David Lee was the Golden State Warriors’ lone All-Star during in a season where the team made its first playoff appearance since 2006-07. You remember, back when Baron Davis was actually capable of dunking on anyone, let alone Andrei Kirilenko.
So, while Stephen Curry has become Golden State’s best player, Lee is still incredibly valuable to the Warriors. He provides a strong outlet for Curry and seems to take pressure off the young point guard during crucial points in the game, which might have helped in the waning moments of Monday’s deflating loss in San Antonio.
That certainly doesn’t mean, however, that the Warriors can’t win the series now that Lee is sidelined with a torn right hip flexor. In fact, there are several important figures that show Golden State becoming a stronger team (especially on defense) when Lee is on the bench.
Lee’s defense has never been his hallmark as a player. He’s considered average at his best moments, and a hindrance at his worst. Even some of the statistics from his All-Star campaign support these notions.The Warriors’ opponents’ effective field goal percentage (shooting percentage weighted to account for the extra point that three-point shots provide) drops from .490 to .474 when Lee is in his warm-up outfit, which is not surprising considering that Draymond Green (his backup for most of the year) is a better defensive player.
Could you even count on 45 hands how many close games the Warriors have played this season? That .016 makes a difference.
Lee also causes the Warriors to commit more fouls. On a per 48-minute basis, Golden State committed three additional fouls and allowed its opponent to shoot an extra six free throws when Lee was in action. To a team like the Miami Heat, a juggernaut that routinely wins by double digits, a statistic like that doesn’t make that great a difference. To a team like the Warriors, who fell by 10 or fewer points in 20 of their 35 losses, it does.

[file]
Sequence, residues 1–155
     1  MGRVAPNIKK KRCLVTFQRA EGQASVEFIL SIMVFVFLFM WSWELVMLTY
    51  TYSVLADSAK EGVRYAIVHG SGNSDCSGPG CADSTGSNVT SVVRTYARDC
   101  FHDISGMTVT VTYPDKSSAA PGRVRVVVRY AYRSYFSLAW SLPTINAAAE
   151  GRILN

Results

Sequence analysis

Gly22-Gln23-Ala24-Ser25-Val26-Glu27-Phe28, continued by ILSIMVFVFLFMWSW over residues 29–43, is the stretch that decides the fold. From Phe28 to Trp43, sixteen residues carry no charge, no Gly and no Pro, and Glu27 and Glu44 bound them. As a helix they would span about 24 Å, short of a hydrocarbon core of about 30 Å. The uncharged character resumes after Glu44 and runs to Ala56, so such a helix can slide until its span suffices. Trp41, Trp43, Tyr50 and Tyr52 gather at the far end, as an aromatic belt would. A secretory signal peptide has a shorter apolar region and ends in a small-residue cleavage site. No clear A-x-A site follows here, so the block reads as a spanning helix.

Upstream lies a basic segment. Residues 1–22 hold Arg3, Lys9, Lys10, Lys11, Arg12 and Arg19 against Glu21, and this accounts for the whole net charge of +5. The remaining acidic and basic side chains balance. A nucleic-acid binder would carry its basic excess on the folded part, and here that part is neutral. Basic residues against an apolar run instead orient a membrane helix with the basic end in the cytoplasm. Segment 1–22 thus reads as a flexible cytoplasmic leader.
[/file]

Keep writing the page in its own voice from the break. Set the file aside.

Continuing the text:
The logical counter argument to those points, of course, is that Lee makes that difference up with his scoring ability and rebounding. His season shooting percentage of 51.9 led all starters, and came in behind only Carl Landry (who took 558 fewer shots) among all Warriors players.
Lee’s offensive presence also draws defenders closer to the paint, which freed up Curry for a good chunk of his 272 three-pointers. Without him, Golden State might be slower and less successful defensively, but there’s almost little doubt they become a more dynamic offensive unit when Lee plays.
Then there’s the immeasurable but crucial aspect of experience. Green has performed admirably in Lee’s stead, and Golden State is already further in the playoffs than most thought they would get without their All-Star forward. But Monday’s meltdown proved that the Warriors are missing a key ingredient in their stretch drive: a player who can force his teammates to take a deep breath.
Lee may not be spectacular, but he is steady if nothing else. There’s obviously no way to prove it, but I’d have to think Golden State comes out on top in Game 1 against the Spurs if Lee is playing those last five minutes. For one, he makes his free throws. He shot a notch under 80 percent during the regular season. He also doesn’t force shots, which is all Golden State did during those frantic final moments.
Finally, the man rebounds. How many extra chances did the Spurs receive down the stretch because the Warriors couldn’t crash the boards?
David Lee is not without his deficiencies as a player, but to suggest the Warriors are better off without him is to focus solely on those faults. Golden State can win without Lee, but his faulty hip did not make things easier for them.